The Washington PostDemocracy Dies in Darkness

No more ‘free panty’ deals, no more Uggs: Big changes are afoot at Victoria’s Secret

A Victoria’s Secret store in San Francisco. (David Paul Morris/Bloomberg)

Victoria’s Secret still rules the lingerie business, but there are signs that all is not well in the bra and panties empire.

The mall stalwart has made several changes in recent months: In April, it trimmed 200 corporate jobs and announced a reorganization of the business. It has shut down its catalog apparel business and stopped selling swimwear. Amid the changes, Wall Street has backed away from the retailer’s parent company, L Brands, sending its stock down some 32 percent so far this year.

This week, L Brands executives addressed investors, painting a portrait of exactly what kind of problems it is battling against and how it plans to do better. And, essentially, their troubles come to down to this: Promotions like its ubiquitous “free panty” offer aren’t working anymore, and the chain hasn’t quite nailed its merchandise lineup lately.

Let’s start with the coupons, which seem to show up in women’s mailboxes with the same reliability as the electric bill. For years now, Victoria’s Secret has offered a coupon that, for a limited time, allowed you to pick up a free panty at its stores. The logic is that you’d come in to get the freebie, but once you were there, you’d be enticed to buy a bra or perfume or pajamas.

[Why are sales suffering at so many women’s stores? They made bad clothes.]

Executives had said previously that this free panty parade was coming to an end. During the presentation for investors at the company’s Columbus, Ohio headquarters, they laid out exactly why.

Stuart Burgdoerfer, chief financial officer of L Brands, said the promotion was no longer the magic traffic-and-sales magnet it once was. These days, 40 percent of the customers that redeem the free panty don’t end up buying anything else. And, Burgdoerfer added, the constant drumbeat of deals was cheapening the brand.

“Do they drive volume? Yeah,” Burgdoerfer said. But, he added, “You can sell Mercedes on discounts too, and so you got to be careful about how you’re driving that volume and what it does to the brand over time.”

The rise and fall of the free panty promotion offers yet another a cautionary tale for an industry that has been hooked on promotions since the depths of the recession. Consumers get numb to them, and then the deals stop providing the sales jolt they once did. Tween retailer Justice, for example, touted offers such as “40 percent off, plus an additional 20 percent off” for 400 straight days in 2014 and 2015. It eventually became a two-pronged problem: Promotions ate into the brand’s profitability, and customers weren’t even excited by them.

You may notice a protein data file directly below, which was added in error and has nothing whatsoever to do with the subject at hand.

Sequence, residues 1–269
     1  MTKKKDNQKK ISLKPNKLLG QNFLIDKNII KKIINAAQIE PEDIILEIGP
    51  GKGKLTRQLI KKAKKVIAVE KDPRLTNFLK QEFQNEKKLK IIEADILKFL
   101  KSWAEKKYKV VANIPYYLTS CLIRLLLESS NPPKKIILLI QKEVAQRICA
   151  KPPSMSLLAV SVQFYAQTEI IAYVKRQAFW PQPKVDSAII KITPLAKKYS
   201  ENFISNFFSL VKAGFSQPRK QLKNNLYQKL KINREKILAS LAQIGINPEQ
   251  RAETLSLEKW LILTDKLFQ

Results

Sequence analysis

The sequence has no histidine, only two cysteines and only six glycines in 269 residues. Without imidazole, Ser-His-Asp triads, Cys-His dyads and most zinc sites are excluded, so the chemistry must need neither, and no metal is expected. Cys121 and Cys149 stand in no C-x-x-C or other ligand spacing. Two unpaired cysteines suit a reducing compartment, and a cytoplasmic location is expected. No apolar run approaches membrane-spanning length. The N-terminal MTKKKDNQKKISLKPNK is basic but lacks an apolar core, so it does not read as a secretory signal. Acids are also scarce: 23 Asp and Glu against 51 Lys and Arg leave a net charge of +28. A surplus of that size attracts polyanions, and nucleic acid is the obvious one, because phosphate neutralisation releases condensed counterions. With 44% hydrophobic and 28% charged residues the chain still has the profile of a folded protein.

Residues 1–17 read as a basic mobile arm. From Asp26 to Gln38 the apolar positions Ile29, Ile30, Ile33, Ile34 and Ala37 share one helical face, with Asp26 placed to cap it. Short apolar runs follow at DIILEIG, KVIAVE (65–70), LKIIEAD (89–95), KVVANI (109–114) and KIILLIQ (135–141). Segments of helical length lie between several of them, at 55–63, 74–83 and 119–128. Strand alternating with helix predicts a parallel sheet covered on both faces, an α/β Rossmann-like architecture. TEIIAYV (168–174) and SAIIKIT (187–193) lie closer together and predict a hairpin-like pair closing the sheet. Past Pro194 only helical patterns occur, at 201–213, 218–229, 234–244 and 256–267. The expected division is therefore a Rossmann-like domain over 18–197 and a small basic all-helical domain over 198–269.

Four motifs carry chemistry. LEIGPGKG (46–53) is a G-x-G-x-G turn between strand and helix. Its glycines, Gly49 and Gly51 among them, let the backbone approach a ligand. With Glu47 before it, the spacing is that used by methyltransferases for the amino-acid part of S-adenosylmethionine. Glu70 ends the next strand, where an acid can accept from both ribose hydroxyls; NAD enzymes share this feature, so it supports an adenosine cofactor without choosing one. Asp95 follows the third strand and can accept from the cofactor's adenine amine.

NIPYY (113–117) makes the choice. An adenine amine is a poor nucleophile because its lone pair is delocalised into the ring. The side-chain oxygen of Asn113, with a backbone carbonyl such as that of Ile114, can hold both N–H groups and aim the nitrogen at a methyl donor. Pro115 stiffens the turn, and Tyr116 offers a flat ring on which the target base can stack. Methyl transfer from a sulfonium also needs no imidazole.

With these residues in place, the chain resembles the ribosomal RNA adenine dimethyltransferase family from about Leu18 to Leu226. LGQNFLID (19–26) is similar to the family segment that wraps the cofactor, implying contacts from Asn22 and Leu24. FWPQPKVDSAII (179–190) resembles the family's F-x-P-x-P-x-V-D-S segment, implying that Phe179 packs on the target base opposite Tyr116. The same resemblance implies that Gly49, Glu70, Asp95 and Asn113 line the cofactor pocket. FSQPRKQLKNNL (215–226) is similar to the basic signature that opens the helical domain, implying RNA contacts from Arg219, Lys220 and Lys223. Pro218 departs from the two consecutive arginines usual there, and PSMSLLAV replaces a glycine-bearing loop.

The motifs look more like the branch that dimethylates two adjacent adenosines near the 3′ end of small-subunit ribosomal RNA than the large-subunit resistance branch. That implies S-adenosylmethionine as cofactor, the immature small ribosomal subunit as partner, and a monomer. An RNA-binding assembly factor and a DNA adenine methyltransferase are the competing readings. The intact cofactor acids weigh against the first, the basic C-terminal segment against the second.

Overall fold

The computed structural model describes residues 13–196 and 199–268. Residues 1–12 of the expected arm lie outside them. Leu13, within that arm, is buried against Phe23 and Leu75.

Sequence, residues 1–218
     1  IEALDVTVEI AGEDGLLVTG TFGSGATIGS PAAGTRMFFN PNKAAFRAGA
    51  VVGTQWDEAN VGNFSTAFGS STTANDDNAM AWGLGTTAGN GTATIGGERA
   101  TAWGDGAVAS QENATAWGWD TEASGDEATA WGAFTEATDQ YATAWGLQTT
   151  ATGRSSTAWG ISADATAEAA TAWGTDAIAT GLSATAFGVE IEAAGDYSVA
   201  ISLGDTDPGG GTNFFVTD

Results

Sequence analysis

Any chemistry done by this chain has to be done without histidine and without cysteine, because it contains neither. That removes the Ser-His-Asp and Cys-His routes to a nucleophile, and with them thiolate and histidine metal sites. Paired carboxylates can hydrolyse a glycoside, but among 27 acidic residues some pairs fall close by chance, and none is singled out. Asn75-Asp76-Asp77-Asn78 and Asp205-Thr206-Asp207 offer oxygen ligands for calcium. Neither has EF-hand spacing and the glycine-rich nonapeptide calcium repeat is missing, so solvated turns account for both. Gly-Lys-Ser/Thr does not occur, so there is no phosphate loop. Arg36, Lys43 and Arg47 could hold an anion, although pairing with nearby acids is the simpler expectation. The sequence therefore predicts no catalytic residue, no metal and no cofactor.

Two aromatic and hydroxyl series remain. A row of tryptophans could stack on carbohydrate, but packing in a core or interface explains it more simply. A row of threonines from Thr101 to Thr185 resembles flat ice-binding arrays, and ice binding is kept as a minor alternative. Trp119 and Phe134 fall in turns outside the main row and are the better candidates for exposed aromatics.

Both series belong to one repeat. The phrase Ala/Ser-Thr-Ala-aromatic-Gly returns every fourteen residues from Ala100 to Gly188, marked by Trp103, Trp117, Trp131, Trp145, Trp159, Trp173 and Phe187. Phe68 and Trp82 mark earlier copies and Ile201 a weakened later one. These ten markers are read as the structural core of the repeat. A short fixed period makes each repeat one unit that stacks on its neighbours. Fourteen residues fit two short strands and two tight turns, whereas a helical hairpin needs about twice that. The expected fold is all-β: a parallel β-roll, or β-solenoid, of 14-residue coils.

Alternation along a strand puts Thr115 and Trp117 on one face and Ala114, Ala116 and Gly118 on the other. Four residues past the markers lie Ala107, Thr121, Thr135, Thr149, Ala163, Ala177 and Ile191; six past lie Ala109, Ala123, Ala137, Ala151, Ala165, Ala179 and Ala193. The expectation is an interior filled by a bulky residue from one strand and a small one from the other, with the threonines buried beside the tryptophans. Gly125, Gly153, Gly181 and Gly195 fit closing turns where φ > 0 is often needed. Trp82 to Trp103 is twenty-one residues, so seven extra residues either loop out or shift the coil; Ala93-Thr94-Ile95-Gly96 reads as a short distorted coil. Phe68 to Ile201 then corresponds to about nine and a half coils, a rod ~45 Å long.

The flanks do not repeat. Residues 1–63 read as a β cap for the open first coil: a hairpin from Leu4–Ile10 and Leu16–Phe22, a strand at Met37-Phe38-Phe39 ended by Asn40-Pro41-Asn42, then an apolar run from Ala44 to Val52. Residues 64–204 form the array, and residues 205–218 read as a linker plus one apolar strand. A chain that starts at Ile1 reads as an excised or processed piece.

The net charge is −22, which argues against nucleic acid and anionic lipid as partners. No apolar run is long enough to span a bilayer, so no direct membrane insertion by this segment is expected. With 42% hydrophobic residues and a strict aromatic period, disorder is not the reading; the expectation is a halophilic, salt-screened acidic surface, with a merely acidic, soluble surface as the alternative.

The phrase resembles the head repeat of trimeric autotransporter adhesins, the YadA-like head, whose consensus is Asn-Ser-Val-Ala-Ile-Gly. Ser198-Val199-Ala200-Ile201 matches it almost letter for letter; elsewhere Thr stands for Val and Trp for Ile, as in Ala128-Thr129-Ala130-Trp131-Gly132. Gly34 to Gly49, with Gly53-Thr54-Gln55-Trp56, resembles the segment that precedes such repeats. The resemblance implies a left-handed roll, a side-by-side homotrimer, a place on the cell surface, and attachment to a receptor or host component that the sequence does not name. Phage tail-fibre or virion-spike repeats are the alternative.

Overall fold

So Victoria’s Secret is now joining many chains in trying to rethink our years-long merry-go-round of promotions. Some chains are trying to offer discounts less frequently; others are trying to revisit the types of deals they offer, perhaps getting rid of storewide events in favor of category-specific sales. Victoria’s Secret is pivoting to offers on newer items like sports bras and its beauty line, which it is working to revamp. Chief executive Les Wexner said at the event, “we’re not particularly proud of our beauty assortment in the last 12 to 18 months.”

Beauty is not the only part of the merchandise lineup that Victoria’s Secret is rethinking. The retailer has ditched its swimwear business and its clothing business, areas where it wasn’t offering anything particularly distinctive from its competitors.

“Anybody can sell Uggs, right? No disrespect to Uggs, nice product, right?,” Burgdoerfer said. “But why are we selling Uggs? Does that really tie to the Victoria’s Secret brand?”

And then there’s the fact that women right now are not necessarily looking to add more underwire and molded cups to dresser drawers. Bralettes — a soft, often-pullover-style bra — and sports bras have lately been especially popular choices, perhaps an outgrowth of the popular “athleisure” look. That presents a challenge because the style is not what Victoria’s Secret is known for. It’s also an area where Wexner says clothing retailers are better positioned to give Victoria’s Secret a run for its money in making an item that fits and looks good.

[Social media ‘influencers’: A marketing experiment metastasized into a mini-economy]

“With a garment like a bralette, which is made essentially like apparel, it’s easy for somebody who’s in the apparel business to sell them,” Wexner said.

To be sure, Victoria’s Secret still has plenty going for it. For one, according to market research firm Euromonitor, the chain grabbed nearly 32 percent of the bra and panties market last year. The next closest competitor? Fruit of the Loom, with a much smaller 5.5 percent share. And while for the last two months it has seen declines in comparable sales, a measure of sales at stores open more than a year, it had a long streak before that where it was a rare specialty apparel retailer delivering solid growth on this metric. In other words, this is not a brand in a long-term slump, it’s a brand trying to get out of a so far short-term rut.

But Wexner described the company as being at an “inflection point,” and said that in hindsight, he wishes Victoria’s Secret had made these changes two or three years ago. Time will tell whether or not its actions are too late.